A Maturity Model is a tool to assess your organization’s process capability in a specific domain – it is typically divided into levels or stages. The idea is that you cannot move to a higher stage until you have comprehensively met the requirements of all stages below. The goal is to achieve the highest step.
The idea of a Maturity Model is nothing new. One of the earliest maturity models developed, was in conjunction with the U.S. Department of Defense: the Capability Maturity Model, which focused on improving the software development process. The CMM is inspired by the ideas found in the book Managing the Software Process (Humphrey). Carnegie Mellon University now administers and markets CMMi (Capability Maturity Model Integration) – a process improvement training and appraisal program.
The Five CMM Levels: Initial -> Managed -> Defined -> Quantitatively Managed -> Optimizing
I first came across the concept of an Analytics Maturity Model when reading Competing on Analytics: The New Science of Winning (Davenport, Harris).
The model introduced has also appeared in a step-wise notation with definitions at each stage (Figure 1).
This model was developed by the analytics software developer SAS who wrote a white paper on the model. Similar to CMM, it also has five levels (Figure 2).
Many other organizations have started to offer their own analytics maturity models, each with their own spin. Some offer access to a self-assessment tool, where you can fill out certain information about your company and proceed to be evaluated. Here is a list of five others (in no particular order).
1. Online Analytics Maturity Model (OAMM) – Cardinal Path
Cardinal Path’s Online Analytics Maturity Model measures your organizations analytics maturity against six areas: Governance, Objectives, Scope, Team & Expertise, Improvement Process Methodology and Tools, Technology & Data Integration. The OAMM is presented in the style of a radar graph indicating a score in each of the six areas (Figure 3).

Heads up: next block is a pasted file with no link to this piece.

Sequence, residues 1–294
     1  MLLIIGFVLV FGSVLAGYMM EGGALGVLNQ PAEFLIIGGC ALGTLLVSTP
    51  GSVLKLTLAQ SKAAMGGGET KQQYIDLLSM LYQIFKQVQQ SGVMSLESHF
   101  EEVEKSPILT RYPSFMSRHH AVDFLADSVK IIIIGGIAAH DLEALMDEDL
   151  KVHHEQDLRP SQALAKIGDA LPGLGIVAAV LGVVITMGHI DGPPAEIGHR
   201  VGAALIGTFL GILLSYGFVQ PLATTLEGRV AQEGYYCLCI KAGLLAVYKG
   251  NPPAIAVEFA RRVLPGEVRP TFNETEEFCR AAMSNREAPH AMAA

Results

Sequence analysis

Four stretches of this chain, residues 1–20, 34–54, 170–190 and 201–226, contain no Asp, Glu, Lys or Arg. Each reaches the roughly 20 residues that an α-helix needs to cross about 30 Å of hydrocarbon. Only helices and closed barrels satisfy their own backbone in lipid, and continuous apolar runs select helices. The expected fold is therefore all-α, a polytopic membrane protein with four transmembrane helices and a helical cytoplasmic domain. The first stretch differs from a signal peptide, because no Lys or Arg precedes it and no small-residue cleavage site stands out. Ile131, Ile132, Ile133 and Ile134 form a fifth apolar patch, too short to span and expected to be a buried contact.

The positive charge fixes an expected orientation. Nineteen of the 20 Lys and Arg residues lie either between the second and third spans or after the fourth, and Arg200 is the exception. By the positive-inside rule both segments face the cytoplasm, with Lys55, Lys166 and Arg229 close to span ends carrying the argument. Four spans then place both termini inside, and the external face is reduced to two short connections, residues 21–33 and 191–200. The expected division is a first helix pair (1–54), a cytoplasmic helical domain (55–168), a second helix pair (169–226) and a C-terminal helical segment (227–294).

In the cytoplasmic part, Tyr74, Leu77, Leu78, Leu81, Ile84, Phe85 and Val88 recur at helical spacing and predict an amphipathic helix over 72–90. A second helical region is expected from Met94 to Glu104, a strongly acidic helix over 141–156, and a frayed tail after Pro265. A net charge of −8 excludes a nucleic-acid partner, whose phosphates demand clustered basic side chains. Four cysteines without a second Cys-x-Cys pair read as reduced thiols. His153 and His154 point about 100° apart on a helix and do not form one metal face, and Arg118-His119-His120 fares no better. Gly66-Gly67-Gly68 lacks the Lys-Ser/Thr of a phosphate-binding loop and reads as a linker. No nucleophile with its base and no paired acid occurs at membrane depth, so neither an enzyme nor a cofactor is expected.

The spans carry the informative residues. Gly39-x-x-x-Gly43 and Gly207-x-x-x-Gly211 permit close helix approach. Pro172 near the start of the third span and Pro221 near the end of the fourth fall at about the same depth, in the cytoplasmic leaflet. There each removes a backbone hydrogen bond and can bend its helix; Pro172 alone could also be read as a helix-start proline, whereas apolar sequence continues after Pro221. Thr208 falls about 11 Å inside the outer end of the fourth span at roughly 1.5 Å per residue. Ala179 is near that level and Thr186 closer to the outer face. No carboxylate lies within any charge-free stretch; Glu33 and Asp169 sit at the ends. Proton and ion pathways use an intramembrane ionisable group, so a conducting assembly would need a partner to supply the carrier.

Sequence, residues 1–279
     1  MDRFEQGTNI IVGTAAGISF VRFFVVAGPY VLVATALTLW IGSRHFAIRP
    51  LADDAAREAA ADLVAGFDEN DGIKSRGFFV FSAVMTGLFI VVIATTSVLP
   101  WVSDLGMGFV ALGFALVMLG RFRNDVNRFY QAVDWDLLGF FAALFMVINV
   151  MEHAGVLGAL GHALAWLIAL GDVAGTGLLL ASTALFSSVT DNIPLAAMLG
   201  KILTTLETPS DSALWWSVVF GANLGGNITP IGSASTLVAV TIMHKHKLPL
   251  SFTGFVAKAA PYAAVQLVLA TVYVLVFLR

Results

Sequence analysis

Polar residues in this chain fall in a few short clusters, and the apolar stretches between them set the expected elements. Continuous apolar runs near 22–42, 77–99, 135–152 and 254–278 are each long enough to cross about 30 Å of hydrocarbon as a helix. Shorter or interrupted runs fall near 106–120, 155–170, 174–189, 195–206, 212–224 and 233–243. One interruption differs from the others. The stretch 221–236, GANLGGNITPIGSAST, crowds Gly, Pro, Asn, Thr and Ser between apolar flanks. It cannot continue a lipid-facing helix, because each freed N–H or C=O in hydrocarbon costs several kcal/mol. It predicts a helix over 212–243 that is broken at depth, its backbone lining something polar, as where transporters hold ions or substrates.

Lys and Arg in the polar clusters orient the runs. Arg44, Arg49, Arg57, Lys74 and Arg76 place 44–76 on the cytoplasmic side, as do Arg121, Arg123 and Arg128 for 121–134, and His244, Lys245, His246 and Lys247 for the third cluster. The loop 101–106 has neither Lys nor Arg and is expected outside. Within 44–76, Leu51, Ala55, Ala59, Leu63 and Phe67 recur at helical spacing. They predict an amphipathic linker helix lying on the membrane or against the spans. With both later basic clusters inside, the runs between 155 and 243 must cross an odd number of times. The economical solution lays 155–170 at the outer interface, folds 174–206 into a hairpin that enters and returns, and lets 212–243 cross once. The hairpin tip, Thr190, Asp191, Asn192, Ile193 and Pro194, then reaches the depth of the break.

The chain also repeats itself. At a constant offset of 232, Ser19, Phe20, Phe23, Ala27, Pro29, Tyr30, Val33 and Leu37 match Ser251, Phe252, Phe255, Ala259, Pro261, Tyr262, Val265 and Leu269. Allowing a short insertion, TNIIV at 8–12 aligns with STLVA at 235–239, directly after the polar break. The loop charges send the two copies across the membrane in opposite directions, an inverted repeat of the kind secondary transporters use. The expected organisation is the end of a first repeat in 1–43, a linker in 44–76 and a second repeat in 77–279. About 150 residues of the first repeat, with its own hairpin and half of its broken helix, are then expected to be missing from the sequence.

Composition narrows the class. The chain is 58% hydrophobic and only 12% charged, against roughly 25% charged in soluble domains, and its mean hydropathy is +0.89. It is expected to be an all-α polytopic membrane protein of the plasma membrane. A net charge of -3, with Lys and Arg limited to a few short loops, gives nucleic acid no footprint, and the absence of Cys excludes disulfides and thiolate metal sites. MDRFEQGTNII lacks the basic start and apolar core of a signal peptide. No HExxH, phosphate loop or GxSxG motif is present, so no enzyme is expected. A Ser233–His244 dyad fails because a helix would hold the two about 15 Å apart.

2. Adobe Analytics Maturity Model – Adobe
Adobe’s Analytics Maturity Model is focused around their Marketing Cloud product suite and is primarily directed towards web analytics (Figure 4).
3. Big Data & Analytics Maturity Model – IBM
IBM’s Big Data & Analytics Maturity Model is also a five level model that focuses not only on analytics maturity, but also other areas of the business including: business strategy, information, culture and execution, architecture and governance (Figure 5).
4. Data Science Maturity Model – Booz Allen Hamilton
Booz Allen Hamilton’s maturity model is heavily focused on data science – the process by which insight is gained through data (Figure 6).
5. Informs Analytics Maturity Model (AMM) – Informs
The organization behind the Certified Analytics Professional program has developed their own maturity model that is quite different from the list above.
Compared to the other models that evaluate your organization’s analytical maturity as a whole (which Informs also does – Figure 7) – it evaluates the maturity of the following categories and factors:
- Organization Maturity (Figure 8)
- Leadership Impact
- Analytics Capability Maturity
- Analytic Framework
- Roles and Skills
- Analytic Services
- Analytic Processes
- Data and Infrastructure Maturity to Support Analytics
- Analytics Architecture
You have seen six different approaches to evaluating your organizations analytic maturity – some take a global view of your organization and place you along a scale, others evaluate you on a more detail level and roll up your results into a final score.
Do you prefer one model over another? Are there other models out there that you think should have made this list? Please share your responses in the comments below.